I would like to finish today by recounting an experience in early Church history having to do with Israel Barlow. He was one of those who went up the Mississippi River from Quincy and helped scout out the area that later became Nauvoo. He lived in Nauvoo and came west with the Saints as one of the early pioneers. In the early 1850s he was attending a general conference of the Church.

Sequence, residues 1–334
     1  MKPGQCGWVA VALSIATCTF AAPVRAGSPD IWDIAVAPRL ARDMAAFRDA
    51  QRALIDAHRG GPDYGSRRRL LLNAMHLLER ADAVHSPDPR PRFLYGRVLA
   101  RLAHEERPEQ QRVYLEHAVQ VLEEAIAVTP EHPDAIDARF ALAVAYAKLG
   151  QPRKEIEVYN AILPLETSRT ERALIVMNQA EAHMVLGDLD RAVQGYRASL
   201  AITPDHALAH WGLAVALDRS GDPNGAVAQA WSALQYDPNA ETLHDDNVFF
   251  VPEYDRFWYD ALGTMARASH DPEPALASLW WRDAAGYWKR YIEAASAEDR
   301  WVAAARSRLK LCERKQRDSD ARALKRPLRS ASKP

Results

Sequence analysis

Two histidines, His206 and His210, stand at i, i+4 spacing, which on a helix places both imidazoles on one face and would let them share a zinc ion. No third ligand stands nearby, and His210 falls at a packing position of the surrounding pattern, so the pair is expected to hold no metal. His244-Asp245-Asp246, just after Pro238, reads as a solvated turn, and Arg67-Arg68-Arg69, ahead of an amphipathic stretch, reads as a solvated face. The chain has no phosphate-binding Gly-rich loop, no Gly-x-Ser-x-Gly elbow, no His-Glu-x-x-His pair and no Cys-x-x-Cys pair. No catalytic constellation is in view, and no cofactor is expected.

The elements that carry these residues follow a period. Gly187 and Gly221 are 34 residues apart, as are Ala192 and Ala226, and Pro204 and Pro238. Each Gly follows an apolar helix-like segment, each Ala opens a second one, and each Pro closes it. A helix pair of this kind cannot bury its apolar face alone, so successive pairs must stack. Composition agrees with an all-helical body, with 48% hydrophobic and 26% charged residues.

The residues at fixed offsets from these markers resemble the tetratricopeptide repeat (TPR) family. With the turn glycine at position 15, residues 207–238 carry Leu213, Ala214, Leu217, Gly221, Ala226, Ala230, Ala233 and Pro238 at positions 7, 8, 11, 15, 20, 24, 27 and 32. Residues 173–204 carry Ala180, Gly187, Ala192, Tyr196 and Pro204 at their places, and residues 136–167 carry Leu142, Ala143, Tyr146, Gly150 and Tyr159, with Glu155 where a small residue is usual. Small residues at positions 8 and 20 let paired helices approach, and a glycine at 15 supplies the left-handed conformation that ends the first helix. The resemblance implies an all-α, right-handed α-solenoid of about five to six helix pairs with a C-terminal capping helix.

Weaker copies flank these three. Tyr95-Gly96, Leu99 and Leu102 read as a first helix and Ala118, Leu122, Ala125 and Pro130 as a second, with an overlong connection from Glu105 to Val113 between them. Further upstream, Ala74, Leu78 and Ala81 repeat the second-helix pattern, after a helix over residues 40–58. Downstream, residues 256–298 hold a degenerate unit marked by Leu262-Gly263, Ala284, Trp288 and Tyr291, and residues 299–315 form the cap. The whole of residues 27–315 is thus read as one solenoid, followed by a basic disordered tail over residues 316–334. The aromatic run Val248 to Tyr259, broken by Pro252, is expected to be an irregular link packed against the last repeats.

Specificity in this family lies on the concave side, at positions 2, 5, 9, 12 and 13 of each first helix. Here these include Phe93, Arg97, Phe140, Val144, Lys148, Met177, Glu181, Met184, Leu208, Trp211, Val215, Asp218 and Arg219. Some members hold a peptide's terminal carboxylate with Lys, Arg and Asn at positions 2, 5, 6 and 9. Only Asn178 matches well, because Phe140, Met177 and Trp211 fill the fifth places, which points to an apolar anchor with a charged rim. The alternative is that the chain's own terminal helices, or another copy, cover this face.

It was in that meeting that Israel Barlow heard his name mentioned from the pulpit. In those days, this was how the brethren were called on missions. Israel Barlow was called on a mission to Great Britain. He didn’t have to have an interview. He didn’t have to have a medical examination. He was called to go on a mission. He had a family and was just getting started in his new area, so it was no small sacrifice to answer the call from the presidency of the Church. But he had enough faith that this was what he knew he must do. His wife was supportive of him, but she asked him for one favor on his way to the mission field. Would he stop at their old farm in Nauvoo and find where they had buried their firstborn child and remove the grave to the Old Nauvoo Burial Ground? He said he would do this, and he made his way back across the Mississippi River and came up to Nauvoo.